Monday, February 19, 2007

Non-disability bitterness

We here at Bitter Inc. are not just bitter about our disability. Sure, that is Raison de Bitter 1, 2 and 3. No. 4 for instance might be modern short stories. Half of them seem even more pointless than free verse. They seem to follow standard conventions: A hook into the story, sometimes interesting, sometimes not. There is always a sex scene, always, even if the writer has to bring in some mystery character to sex up some other character. It apparently is totally OK to bring in random characters at the last minute, too. These people are published. Not me. But that is about to change. Here is my short story:

The tall man jostled past Susan in the ice cream aisle of her Harris Teeter. Not hers, of course, but that was how she thought of it. "Watch it, jerk," Susan muttered under her breath. In fact, though, she didn't really mind. He was not her type -- she liked being the tall one of the couple -- but it was the touch of another human and it had been so long for her. Plus it was a male touch, which was more than she could say for her ... Well, you know.

Susan was at Harris Teeter picking out dessert for her Saturday night alone. She was trying to decide between Chunky Monkey and Cookie Dough ice cream. She knew each would be delicious. at the last minute, though, she grabbed a can of rocky road ice cream. She grimaced as she thought what that might portend.

As she got in the checkout line, she noticed that the tall man was in line one person in front of her. He had bought a pack of pork chops, some broccoli, altoids and an almond joy candy bar.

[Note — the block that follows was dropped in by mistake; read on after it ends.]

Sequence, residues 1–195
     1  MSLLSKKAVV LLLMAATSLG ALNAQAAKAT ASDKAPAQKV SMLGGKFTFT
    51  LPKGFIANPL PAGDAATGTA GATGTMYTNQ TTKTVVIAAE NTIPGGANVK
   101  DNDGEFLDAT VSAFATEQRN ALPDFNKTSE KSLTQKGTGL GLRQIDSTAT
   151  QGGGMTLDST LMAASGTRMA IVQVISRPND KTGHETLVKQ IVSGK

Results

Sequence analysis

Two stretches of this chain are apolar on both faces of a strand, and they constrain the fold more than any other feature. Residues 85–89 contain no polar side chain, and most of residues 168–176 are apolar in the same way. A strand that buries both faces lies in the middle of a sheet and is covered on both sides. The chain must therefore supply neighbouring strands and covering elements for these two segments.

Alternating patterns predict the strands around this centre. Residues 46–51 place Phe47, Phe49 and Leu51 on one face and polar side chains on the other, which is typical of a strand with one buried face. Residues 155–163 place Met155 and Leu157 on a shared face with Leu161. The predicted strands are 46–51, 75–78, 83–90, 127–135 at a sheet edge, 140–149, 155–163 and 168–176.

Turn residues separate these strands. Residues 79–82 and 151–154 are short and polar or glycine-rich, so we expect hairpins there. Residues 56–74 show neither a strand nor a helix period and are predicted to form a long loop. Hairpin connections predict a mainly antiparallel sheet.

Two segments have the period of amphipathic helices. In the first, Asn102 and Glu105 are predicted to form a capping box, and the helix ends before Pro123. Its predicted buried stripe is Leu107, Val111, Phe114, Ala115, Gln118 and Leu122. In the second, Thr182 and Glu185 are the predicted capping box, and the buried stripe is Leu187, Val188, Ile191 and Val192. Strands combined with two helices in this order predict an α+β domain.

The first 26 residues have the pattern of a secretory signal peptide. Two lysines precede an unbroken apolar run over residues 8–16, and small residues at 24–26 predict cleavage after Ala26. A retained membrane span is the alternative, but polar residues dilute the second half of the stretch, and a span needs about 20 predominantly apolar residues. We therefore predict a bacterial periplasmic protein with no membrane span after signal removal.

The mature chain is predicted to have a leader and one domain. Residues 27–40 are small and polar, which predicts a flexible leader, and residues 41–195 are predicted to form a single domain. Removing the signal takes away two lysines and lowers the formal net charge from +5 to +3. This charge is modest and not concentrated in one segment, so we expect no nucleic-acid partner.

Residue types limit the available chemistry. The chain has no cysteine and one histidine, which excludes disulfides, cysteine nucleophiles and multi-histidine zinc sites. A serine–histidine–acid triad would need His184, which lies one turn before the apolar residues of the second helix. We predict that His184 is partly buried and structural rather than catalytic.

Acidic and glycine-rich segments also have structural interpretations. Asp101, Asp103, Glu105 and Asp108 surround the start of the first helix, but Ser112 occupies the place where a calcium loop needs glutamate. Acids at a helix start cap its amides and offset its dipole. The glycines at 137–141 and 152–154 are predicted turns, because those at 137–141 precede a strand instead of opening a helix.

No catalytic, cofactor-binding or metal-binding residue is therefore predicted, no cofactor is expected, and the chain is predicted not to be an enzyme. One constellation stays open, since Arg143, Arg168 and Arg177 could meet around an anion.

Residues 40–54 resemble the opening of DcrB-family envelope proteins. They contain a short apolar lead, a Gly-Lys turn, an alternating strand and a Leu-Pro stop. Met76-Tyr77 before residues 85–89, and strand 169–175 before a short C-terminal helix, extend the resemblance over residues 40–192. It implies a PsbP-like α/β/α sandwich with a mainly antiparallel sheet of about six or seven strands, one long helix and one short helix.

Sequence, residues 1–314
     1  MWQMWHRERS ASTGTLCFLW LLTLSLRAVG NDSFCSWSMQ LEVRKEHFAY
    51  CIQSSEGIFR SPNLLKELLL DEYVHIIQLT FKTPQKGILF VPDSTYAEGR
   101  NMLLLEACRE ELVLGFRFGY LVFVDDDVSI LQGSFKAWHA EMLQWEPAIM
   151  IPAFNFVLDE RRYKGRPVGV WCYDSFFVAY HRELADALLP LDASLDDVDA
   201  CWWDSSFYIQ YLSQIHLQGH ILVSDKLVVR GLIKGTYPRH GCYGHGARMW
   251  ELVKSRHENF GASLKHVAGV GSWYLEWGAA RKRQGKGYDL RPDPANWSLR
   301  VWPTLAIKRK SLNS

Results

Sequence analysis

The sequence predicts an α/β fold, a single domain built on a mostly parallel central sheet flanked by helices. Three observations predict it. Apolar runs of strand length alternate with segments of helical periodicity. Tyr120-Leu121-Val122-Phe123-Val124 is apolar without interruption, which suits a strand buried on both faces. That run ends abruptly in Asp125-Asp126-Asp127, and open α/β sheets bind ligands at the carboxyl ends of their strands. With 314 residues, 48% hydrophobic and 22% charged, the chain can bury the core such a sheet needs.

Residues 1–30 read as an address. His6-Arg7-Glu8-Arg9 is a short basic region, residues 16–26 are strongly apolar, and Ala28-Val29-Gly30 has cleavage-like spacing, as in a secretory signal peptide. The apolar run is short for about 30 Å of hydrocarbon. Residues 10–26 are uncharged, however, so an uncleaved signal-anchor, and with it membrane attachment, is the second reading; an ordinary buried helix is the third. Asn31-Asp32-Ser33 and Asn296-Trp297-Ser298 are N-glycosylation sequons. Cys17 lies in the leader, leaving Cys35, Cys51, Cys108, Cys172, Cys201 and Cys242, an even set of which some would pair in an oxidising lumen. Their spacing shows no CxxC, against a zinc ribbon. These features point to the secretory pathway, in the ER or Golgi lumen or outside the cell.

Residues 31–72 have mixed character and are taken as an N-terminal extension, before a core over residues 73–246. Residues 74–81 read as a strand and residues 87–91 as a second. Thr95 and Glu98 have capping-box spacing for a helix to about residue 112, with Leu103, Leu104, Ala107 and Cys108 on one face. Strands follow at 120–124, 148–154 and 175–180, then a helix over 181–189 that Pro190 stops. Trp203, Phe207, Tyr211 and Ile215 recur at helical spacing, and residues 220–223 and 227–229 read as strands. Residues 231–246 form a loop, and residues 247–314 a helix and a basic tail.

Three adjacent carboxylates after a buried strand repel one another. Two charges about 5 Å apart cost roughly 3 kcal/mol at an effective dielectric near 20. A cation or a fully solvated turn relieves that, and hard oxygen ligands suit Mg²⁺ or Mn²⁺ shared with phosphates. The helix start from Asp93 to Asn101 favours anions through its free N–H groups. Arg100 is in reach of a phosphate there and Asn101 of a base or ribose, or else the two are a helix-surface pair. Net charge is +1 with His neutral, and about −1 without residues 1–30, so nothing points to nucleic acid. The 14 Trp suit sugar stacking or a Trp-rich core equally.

When she saw the almond joy, Susan thought: "Do they even make those anymore?"

After the cashier had swiped the altoids, the tall man put them in his back pocket and it created a bugle on his left butt cheek. For some reason Susan felt lightheaded and grabbed the rack where all the tabloids are. "Anna Nicole Smith shared White House bedroom with Britney Spears," a headline blared.

when she reached the cashier, Susan knew it was fate. The tall man had left his credit card on the check-writing platform. She glanced around and quickly pocketed it. Then she began to dream of what the tall man was like. She would find his address then go take him his card back. One thing would lead to another. She was sure.

She found a phone book and looked up Arthur Dequater. He lived at 302 Wasaw Street downtown. She was sure if she hurried he would invite her in to eat the dinner he had just bought. She even brought dessert.
Art Dequater heard the knock at his door as he was cooking dinner.

"Mr Dequater? I'm afraid your girlfriend was killed today in a car crash," the police officer said grimly.

"Girlfriend?" said Art confused. "But I'm gay," and he opened the door to show a family portrait of him and his male partner.

Now it was the officer's turn to look confused. "Is this your credit card?"

Art reached for his wallet, but mistakenly grabbed the altoids. Without thinking he popped one in his mouth, found his wallet and slapped his forehead.

"Of course, I left it at the grocery store. She must have picked it up. I wonder what her story was?" he said to no one in particular.

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